What You Need to Know About Trump’s Tax Plan
Despite protests in the street and pleas from Capital Hill, President Donald Trump has yet to reveal the amount he has–or has not–paid in taxes. But he plans to overhaul the U.S. tax code, and on Wednesday, he announced a one-page tax plan to accomplish that. Here is what you need to know.
In short: a range of tax cuts and some efforts to simplify the filing process. Trump’s tax plan, which will likely receive heavy edits as it makes its way through Congress, would reduce the number of individual tax brackets from seven to three–10 percent, 25 percent, and 35 percent. The proposal does not yet specify the income thresholds for each bracket. Currently, people in the top income bracket are taxed at a rate of almost 40 percent and those in the lowest bracket pay 10 percent, which would remain the same under Trump’s plan. While Americans overall would likely receive some sort of a tax break, the wealthiest Americans would benefit the most.
In addition, Trump’s plan would lower the corporate tax rate–and make it apply to small mom-and-pops and giant multinationals alike–from 35 percent to 15 percent. That would put the U.S., which currently has the highest corporate rate of any industrialized nations, in line with Germany and Canada, and slightly below Britain.
Another major change included in the plan: killing the “death tax,” aka the inheritance or estate tax. As of 2014, the U.S. inheritance tax–up to 40 percent for some estates–was the fourth highest in the world. Trump’s plan would scrap that tax–which supporters say is a key tool for redistributing income, and critics say unfairly steal from the rich–entirely.
What About the Debt?
Under Trump’s proposed tax overhaul, the national debt would skyrocket. At a press conference unveiling the plan, Treasury Secretary Steven Mnuchin said the plan “will pay for itself with growth.” Since the revenue from taxes would drop, the government would need to find other ways to obtain money to pay for its various obligations. But a variety of nonpartisan budget think tanks and analysts projected that previous versions of Trump’s plan would cause the federal deficit to balloon.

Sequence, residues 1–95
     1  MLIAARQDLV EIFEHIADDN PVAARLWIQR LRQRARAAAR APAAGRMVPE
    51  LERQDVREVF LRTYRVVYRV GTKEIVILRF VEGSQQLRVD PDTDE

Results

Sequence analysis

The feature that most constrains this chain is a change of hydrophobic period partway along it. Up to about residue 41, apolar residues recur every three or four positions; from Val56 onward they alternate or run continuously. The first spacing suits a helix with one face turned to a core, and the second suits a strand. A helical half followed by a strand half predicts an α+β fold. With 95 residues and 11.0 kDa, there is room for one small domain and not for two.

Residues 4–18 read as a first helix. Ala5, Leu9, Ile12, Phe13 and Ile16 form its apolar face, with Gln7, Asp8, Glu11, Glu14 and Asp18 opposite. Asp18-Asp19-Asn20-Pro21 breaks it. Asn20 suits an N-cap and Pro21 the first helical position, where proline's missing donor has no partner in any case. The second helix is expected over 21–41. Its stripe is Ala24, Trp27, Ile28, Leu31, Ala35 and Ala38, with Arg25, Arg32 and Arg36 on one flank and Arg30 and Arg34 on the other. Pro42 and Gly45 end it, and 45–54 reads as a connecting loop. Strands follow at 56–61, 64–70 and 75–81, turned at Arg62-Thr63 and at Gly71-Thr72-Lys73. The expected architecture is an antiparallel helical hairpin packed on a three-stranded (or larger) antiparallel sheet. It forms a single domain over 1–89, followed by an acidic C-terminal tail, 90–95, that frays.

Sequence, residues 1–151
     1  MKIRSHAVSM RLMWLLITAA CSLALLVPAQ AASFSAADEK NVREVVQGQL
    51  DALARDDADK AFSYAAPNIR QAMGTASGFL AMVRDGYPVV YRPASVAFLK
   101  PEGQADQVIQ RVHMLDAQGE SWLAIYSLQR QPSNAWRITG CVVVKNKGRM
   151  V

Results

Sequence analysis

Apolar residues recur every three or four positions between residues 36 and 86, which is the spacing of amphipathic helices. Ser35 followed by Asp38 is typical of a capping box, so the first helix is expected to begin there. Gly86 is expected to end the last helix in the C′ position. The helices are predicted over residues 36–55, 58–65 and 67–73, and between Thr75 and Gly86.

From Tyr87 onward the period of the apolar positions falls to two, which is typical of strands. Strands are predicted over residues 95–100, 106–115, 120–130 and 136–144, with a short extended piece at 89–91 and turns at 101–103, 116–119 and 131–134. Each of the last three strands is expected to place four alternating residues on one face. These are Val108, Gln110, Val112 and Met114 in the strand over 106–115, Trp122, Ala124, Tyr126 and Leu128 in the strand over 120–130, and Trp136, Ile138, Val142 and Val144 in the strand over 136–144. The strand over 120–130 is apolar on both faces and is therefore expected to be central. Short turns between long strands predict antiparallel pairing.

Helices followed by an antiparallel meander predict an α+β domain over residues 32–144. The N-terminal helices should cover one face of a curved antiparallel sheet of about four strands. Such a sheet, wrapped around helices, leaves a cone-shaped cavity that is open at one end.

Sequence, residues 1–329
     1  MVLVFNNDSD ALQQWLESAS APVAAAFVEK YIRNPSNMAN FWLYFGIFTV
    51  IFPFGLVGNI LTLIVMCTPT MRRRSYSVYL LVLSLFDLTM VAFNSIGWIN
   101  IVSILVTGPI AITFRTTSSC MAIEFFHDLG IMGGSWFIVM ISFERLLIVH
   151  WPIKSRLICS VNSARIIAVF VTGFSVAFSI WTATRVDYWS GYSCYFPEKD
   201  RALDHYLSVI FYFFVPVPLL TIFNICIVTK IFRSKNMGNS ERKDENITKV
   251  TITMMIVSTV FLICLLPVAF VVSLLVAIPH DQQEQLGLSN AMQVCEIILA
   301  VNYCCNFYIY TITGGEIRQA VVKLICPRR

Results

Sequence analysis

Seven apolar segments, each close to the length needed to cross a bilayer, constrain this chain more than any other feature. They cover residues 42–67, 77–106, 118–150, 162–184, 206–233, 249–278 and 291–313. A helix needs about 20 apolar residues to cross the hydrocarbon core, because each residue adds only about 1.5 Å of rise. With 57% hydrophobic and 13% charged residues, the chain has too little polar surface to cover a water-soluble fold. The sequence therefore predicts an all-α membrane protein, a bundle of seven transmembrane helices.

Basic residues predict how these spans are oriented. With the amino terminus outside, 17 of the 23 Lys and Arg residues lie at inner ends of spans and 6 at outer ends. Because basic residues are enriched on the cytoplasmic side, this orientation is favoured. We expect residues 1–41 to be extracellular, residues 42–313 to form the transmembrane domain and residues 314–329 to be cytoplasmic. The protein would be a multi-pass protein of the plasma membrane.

The Committee for a Responsible Federal Budget–a think tank that focuses on fiscal responsibility–predicts that the plan would add $3 to $7 trillion to the deficit over a decade. That would contradict Trump’s vociferous critiques of the rising debt under the past few administrations. History does not bode well for self-paying tax cuts–the idea that tax cuts would spur enough economic growth to balance out revenue lost due to lower rates. President Ronald Reagan’s tax cuts in 1981, for instance, contributed to the deficits that would follow.
What Do the Experts Think?
Bernard Baumohl, the chief global economist at the Economic Outlook Group: “The effort to introduce more fiscal stimulus into the economy is genuinely underway […] But the bare bones plan we saw unveiled [on Wednesday] is already conceptually flawed and unlikely to go far in Congress. The final product will bear no resemblance to the principal points highlighted in today’s meager release. Certainly, the first step in this process was unimpressive.”
JPMorgan Chase Analyst Jesse Edgerton: “Although the plan’s lack of detail makes estimating its revenue effects uncertain, we suspect the plan would be scored as dramatically increasing deficits, making likelihood of its passage through Congress slim […] the recent announcement is likely best viewed as an opening offer in a negotiation with many rounds to go.”
Economist Doug Holtz-Eakin, head of the Congressional Budget Office under former President George W. Bush: “Passing genuine tax reform would include structural changes. As long as those are not included, it is not reform. This bill as presented would add to the deficit. Growth alone cannot account for the loss of revenue from tax cuts. This means it cannot pass the reconciliation process and will not be able to become law.”